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It is an old saying that nothing in this world is free. But this ancient wisdom stands falsely against the new free messaging apps. Or does it really?

Last year, the EU started looking at privacy issues surrounding WhatsApp’s plan to share user information with Facebook. This started because WhatsApp changed its privacy policy under which, existing users have 30 days to agree to the new sharing, but can as part of that process opt out of letting Facebook use the data for marketing purposes. That requirement goes against a 2012 FTC consent order that demands the company use an “opt-in” process when changing its privacy policy.

In 2014, Facebook bought WhatsApp for 19 Billion USD. Why do you think they paid that amount for an app that is “free” or doesn’t deliver an ROI? Your personal information is worth billions to advertisers and data brokers. Many corporations would pay to study your online behaviour, just like scientists study animal behaviour in different habitats.

These days, a lot of firms have started buying people’s social media and shopping activity data. They process it so marketing companies can use it. It has become a legit business. While it is unknown ‘just how much’ such a company would pay for one’s information, it merely illustrates the fact that your personal information does have a value.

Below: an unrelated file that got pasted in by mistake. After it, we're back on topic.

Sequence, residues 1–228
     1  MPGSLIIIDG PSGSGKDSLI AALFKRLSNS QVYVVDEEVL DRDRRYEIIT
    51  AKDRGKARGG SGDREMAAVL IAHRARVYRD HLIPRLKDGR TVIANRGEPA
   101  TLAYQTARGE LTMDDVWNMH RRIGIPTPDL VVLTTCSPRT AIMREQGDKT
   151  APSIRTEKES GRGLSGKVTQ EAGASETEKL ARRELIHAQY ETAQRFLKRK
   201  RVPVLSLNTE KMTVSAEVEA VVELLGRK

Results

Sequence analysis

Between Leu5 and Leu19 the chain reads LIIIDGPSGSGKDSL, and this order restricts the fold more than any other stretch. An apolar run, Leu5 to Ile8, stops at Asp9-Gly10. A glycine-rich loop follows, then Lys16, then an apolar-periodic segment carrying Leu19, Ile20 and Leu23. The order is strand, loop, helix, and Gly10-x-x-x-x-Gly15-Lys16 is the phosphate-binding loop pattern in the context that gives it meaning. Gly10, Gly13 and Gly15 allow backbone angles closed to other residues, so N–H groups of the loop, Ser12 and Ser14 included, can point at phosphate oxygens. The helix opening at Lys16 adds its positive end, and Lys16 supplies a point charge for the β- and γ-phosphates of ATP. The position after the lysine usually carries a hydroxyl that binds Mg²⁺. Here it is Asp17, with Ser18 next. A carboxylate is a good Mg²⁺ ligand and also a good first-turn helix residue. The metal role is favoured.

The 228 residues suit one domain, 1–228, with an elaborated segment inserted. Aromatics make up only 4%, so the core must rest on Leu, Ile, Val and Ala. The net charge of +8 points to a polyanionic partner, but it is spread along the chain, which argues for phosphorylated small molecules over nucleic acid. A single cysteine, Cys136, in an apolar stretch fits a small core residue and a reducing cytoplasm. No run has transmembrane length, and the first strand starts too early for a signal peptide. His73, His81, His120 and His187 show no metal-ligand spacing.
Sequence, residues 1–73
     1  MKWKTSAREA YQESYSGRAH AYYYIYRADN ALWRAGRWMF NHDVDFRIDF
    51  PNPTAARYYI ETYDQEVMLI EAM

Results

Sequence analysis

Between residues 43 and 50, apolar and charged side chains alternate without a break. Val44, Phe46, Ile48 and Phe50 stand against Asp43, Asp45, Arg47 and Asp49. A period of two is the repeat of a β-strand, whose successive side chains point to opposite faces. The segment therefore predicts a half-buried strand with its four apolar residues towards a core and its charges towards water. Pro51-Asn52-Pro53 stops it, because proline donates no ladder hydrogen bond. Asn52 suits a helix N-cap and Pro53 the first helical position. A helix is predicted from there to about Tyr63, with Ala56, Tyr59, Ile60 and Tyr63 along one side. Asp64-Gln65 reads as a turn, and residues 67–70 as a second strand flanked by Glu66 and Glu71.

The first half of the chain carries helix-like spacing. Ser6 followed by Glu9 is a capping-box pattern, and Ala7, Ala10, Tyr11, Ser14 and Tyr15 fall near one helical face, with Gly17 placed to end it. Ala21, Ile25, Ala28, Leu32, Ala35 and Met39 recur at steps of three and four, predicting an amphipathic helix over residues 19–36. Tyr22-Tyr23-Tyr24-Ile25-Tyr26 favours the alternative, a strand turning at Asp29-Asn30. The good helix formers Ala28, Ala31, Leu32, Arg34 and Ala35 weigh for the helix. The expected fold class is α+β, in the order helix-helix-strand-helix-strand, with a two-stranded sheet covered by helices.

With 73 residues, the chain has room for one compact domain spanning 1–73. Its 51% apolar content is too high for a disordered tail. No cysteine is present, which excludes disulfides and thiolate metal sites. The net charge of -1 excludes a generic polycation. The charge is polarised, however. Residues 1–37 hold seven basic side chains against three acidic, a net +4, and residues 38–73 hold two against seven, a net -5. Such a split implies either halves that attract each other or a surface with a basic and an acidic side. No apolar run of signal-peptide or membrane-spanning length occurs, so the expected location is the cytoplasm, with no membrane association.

“The market for one’s personal data is already a burgeoning business, and we see no signs that it will dissipate. As long as consumers are willing to trade their personal information for access to seemingly free services such as WhatsApp and Viber, this market will continue to grow,” says Michael Ginsberg, CEO of Echoworx. “But at what cost to personal privacy? Individuals must start seeing their personal data as currency.”

People trade their data every day for free stuff, without thinking about what happens to their “dear diary” once they hand it over. Most people don’t even bother to know what personal data they are ‘trading’ away when they click ‘accept’ on an app’s terms and conditions. And is such a trade worth it?

Ginsberg believes that we have been “selling” ourselves for a long time – and for very cheap. “From my perspective, people are furiously overpaying for most of the today’s apps.”

The online ad industry is doubling and tripling with each passing day. Last year the industry reached its highest level of investment at over $72 billion. Social media ad revenue alone increased to $16.3 billion from $11 billion in 2015. But it looks like, as long as the next bus is on time, no one cares. People have lost perspective of ‘their worth’ to the advertisers by a huge margin. It is essential for people to be aware what information they are sharing before signing up for allegedly free apps. They need to know their privacy rights and protect them. The need is urgent. The need is now.

By Suneet Kaur Lamba, Marketing & Social Media, Echoworx